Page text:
The High Frequency Trading (HFT) has grown considerably in recent years and today represent the AMF according to 90% of orders sent to the market and about 30% of actual transactions in Europe and Further more. The proportions taken by this practice are as worried. While the regulator, after leading an important discussion on these topic proposals currently before the European Parliament that could lead to a new framework for HFT in 2013, French MPs have meanwhile passed a law to tax this type of exchange on February 16.
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This dynamic cache, however, concerns related to the evolution of the activity. One of the first consequences of market development of private equity buyout is the generalization of so-called secondary, tertiary and even quaternary view, consisting of leveraged acquisitions of companies already owned by one or more other funds. In 2006, the third type of LBO acquisitions was made through these resale between funds. This type of assembly raises serious concerns particularly related to the high level of debt in these successive operations, which raised fears of a bubble bursting. Indeed, the succession of holding recovery strengthens the total weight of debt in financing the acquisition. But a classic LBO average 70% funded by debt. We can now understand the anxieties expressed about the level of debt when several successive LBOs are made on the same entity.
On the other hand, in a context of rising interest rates, the sector should experience difficulties, but still far from an economic downturn. Indeed, this market should continue to grow in the coming years, particularly in France where many companies are to sell, LBO funds have gained credibility recognized, will no doubt key players in the market.
The number of mega deals (ie acquisitions exceeding the one billion Euros) is more important, the private equity funds have no choice but to raise more funds. This requires, of course, on the one hand by increasing the resources collected from traditional capital providers. But also, for the sake of being less dependent on suppliers of capital and at the same time less sensitive to changes (particularly increased) interest rates on financial markets, the alternative "fund raising" on the stock market seems obvious. The money, usually so discrete and whose activity is based on the original financing of non hand, may now be found in the coast!
Then, the low cost of debt, due to low interest rates, gives montages leveraged a significant advantage over other types of acquisition financing transactions. They are based mainly on debt financing of target companies, the current environment when they are particularly favorable to more easily identify a margin between the cost of debt and the return on assets under management. However, this cannot alone suffice to explain the strong growth in activity. Private equity has above all recognition in the governance model in place in companies come under LBO financing. These companies are generally better managed and better valued, and even if some failures can be reported (ten more than 200 annual operations in France), we must recognize that the default rate of the sector is quite low and few are examples of clashes in the area of corporate governance.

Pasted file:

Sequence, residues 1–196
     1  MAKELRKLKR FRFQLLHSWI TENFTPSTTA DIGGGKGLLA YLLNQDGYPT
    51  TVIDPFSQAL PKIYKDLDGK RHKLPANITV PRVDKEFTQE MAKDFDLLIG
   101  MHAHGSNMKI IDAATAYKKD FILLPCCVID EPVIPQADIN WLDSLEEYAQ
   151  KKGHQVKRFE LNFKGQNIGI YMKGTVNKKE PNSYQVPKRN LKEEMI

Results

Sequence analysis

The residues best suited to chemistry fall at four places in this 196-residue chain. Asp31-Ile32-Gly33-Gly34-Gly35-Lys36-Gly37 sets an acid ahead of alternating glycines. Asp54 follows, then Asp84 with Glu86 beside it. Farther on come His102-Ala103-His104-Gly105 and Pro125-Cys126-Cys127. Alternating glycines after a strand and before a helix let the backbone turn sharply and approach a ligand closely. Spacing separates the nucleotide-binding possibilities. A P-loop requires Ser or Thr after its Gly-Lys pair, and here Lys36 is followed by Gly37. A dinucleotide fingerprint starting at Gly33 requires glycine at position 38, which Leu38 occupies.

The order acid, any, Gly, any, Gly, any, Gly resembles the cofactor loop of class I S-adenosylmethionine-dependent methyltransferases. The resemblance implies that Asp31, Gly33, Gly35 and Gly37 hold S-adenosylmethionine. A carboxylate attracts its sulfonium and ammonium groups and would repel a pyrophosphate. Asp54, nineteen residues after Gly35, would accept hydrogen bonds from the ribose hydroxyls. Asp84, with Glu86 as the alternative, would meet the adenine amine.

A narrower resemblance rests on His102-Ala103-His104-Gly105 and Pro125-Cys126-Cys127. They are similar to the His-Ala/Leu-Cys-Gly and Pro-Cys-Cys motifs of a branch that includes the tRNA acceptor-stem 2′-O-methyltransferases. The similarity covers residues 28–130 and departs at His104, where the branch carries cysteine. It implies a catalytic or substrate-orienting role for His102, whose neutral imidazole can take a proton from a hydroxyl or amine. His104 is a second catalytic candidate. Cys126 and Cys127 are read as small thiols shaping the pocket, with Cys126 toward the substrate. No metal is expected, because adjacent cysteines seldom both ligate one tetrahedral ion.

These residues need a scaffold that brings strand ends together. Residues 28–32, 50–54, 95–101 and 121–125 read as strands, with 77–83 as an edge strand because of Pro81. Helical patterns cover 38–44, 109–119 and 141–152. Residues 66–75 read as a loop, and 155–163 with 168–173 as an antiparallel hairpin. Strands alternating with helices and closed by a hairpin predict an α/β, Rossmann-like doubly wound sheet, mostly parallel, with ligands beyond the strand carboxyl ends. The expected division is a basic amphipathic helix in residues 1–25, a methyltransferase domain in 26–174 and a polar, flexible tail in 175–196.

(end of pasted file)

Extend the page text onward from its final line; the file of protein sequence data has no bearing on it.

Governance is indeed one of the key parameters of a company came under LBO financing. To repay debt must quickly generate cash flow. However, it is recognized that improving the economic value of a target company depends, in large part by the optimization model that will be applied. Therefore, LBO funds agree, from acquisition, to establish a mode of corporate governance more efficient and take the form of a greater focus, accountability of management (generally a shareholder as a result of the operation) and optimization of financial assets.
The Private Equity, also known financing LBO (Leverage Buy-Out) groups for its funding and leveraged acquisitions of target companies, usually mature companies with strong growth potential. LBO funds - often associated with managers of the target - develop installation and operation of acquisition of the company with the objective to remain the capital of the latter ideally between 5 and 10 years while significantly improving the result of the business recovery. The solutions for output or funds are then variables: initial public offering, taken over by another fund, an industrial sales ...
Born in the USA, in the 60's, with the purchase by McLean Industries Inc.. Waterman Steamship Corporation, this type of acquisition has been truly popular in the '80s under the aegis of funds such as KKR who have made significant transactions in the image of the acquisition of RJR Nabisco for more 36 billion dollars (which was then the first landmark LBO). The event was followed by a steady evolution for twenty years, but no relation to the recent explosion.
This momentum is the result of a combination of several positive key factors. The first of these is an abundance of liquidity in financial markets. Attracted by high yields (15-16% on average), liquidity providers (banks and insurance institutions, pension funds and private wealth) do not hesitate to fill the capital market allows investors to raise funds more increasingly important. Direct consequence, the number of LBOs has increased but more importantly, the number of very large transactions (over one billion Euros. SMEs are no longer the only target of LBO financing transactions, large groups of interest to certain funds, particularly in terms of business management. So after the frenzy of acquisitions recorded in recent years, these groups now intends to liquidate their related activities generate higher margins.